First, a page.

Life never seems to get any easier. I don’t mean to sound ungrateful, because I am thankful for so many things. And in some ways, I look at where I am right now compared to where I was two years ago (in the midst of my separation, my world falling apart) and I can’t believe how far I’ve come and how I’ve been able to find happiness again.
But it doesn’t mean life gets easier.
I just started a new job this past week. I was hesitant, because it’s a startup, so it’s an all-consuming environment. I have come to realize about myself that if I like what I am doing, I am very committed, passionate, and potentially even a workaholic. So I was worried about work/life balance, particularly because the weeks leading up to my starting were already very consumed with work (I was working part time for them).
The week was great, though. I am liking my new job far better than I thought I would. The people are wonderful, the energy in the office is invigorating, I believe in the vision of the company, and my ideas and talents are being appreciated and utilized. There is something to feeling fulfilled in what you do, excited about how you pass your day, that is deeply satisfying to the soul. It maybe begins to skim the surface of what Aristotle called the pursuit of eudaimonia, the Greek word for happiness or well-being, but a deeper version of what these words mean in English—virtue, fulfillment, the life well lived. And speaking of life well lived, I managed to leave the office at 7 every night to get home to Chinese takeout and Mad Men reruns. I think Aristotle would think that’s pretty damn good.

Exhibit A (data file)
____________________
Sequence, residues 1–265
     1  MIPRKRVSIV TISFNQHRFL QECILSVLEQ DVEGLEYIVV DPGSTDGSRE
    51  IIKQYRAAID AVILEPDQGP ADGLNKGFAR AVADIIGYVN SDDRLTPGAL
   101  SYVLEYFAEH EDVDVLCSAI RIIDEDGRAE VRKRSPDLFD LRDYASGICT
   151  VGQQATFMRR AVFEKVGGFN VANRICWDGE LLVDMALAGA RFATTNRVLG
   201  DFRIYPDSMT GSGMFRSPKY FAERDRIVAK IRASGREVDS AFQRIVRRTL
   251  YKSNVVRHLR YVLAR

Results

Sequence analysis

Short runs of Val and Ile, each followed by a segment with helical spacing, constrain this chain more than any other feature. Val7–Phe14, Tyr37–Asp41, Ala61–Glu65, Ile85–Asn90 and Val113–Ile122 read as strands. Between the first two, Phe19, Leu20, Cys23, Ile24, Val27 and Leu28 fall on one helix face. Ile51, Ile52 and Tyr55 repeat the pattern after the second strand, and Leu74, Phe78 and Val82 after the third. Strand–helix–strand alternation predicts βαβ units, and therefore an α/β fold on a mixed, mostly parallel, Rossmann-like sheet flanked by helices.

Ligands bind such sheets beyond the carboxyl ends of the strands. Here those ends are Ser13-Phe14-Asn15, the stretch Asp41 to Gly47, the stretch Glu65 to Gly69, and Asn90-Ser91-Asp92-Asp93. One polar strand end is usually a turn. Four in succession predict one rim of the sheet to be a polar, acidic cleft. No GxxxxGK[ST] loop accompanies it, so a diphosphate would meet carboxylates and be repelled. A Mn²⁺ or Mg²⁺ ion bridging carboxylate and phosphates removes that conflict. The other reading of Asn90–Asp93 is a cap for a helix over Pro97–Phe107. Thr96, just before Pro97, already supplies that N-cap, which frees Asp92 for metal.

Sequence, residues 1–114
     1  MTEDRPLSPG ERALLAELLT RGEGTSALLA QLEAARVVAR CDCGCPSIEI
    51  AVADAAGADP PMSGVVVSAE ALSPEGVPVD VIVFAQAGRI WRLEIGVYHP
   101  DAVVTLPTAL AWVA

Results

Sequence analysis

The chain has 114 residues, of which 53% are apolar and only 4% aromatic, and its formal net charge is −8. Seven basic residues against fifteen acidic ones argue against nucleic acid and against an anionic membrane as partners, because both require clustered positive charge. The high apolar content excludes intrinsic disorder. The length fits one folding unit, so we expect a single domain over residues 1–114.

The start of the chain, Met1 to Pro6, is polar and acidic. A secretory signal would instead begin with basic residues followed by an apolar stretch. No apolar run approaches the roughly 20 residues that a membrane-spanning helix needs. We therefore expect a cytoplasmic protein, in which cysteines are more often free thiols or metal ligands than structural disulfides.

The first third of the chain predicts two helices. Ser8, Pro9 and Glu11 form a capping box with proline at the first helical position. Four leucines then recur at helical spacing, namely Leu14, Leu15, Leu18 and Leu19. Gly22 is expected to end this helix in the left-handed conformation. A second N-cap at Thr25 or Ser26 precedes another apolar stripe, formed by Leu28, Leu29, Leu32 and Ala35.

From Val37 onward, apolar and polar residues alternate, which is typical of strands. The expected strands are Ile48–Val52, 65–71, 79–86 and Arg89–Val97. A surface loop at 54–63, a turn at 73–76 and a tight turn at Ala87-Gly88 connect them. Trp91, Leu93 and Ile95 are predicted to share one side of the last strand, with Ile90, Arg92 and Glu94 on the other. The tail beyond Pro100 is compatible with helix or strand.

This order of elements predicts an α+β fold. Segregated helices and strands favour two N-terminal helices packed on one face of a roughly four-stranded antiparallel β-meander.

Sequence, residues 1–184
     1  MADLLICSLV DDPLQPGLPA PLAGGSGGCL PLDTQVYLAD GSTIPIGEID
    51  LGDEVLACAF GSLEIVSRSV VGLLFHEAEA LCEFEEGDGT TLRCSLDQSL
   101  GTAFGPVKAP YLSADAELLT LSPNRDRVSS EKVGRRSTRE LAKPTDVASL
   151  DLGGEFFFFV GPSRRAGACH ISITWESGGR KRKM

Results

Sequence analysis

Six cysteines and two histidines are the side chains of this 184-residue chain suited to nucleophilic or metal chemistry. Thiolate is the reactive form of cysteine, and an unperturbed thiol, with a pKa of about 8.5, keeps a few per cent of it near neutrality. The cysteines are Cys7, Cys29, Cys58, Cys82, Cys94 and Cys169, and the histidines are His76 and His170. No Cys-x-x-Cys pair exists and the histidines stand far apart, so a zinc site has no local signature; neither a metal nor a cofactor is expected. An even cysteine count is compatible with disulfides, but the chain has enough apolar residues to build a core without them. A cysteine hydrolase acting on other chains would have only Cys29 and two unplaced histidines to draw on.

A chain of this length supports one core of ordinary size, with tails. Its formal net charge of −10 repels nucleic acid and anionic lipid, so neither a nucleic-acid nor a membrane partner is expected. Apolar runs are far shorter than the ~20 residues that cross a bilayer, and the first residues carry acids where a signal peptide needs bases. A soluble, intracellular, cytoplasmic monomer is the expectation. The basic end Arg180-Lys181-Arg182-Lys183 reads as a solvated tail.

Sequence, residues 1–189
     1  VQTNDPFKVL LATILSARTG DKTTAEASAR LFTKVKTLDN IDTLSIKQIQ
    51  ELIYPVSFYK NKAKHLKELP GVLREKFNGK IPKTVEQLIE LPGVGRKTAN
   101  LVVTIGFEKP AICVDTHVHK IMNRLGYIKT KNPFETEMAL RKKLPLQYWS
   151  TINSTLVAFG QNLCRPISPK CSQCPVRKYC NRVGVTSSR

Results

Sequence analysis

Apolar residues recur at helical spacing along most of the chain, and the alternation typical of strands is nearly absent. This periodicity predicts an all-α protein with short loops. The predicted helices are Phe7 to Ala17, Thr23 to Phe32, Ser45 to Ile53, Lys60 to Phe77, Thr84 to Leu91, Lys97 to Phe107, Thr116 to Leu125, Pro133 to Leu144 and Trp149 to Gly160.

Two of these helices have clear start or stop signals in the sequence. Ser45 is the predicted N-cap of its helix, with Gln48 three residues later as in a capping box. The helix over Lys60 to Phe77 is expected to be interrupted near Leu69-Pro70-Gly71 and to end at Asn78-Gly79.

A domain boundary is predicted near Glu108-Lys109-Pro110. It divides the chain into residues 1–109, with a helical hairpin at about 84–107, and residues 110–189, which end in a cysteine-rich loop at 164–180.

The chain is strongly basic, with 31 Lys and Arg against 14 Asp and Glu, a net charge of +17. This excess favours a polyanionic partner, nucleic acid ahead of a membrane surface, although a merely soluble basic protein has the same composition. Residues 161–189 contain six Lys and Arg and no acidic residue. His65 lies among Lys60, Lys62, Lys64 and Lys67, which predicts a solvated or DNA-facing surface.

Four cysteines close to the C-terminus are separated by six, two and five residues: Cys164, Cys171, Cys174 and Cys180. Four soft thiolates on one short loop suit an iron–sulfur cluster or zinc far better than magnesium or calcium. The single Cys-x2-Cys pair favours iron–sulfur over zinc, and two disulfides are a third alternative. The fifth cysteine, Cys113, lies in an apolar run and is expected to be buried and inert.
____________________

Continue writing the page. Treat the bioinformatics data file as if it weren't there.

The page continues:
Then Monchichi and I had a doctor’s appointment this past Friday with Dr. Marilyn Agin, a well known neurodevelopmental pediatrician and speech pathologist in Manhattan.
Let me back up a little before I tell you about this appointment. Dr. Agin, from my research, appeared to be the best of the best when it comes to speech delay. She has authored books, is considered the queen of speech apraxia (motor planning), and used to be head of New York’s Early Intervention program, which is the free government program that Monchichi has benefited from—it provides therapies to children under 3 who are developmentally delayed. This is not to mention that she is a pediatrician and a speech pathologist. She must have spent most of her life in school.
We waited over 3-4 months for this appointment. I suspected it was going to help me unlock the key to Monchichi’s speech delay (at almost 3, he’s still not making any consonant sounds, much less words or approximations), and help me prioritize his therapeutic strategy.
It did. Dr. Agin is brilliant, perceptive, and caring. She is far and away the best doctor I have taken Monchichi to for an evaluation—she is thorough and her base of knowledge is deep. From her, I got a picture that was really sobering and hard to take. Monchichi has major developmental issues, and now it’s not just considered “delay,” (because it’s doubtful he’ll ‘catch up’), it’s a disorder or disability. He has serious dyspraxia, which is motor planning, a mysterious disability that involves the brain and its ability to speak to the muscles to tell them what to do. He also has some other challenges that make it hard for him to develop fine motor control and speech, like hypotonia and sensory integration.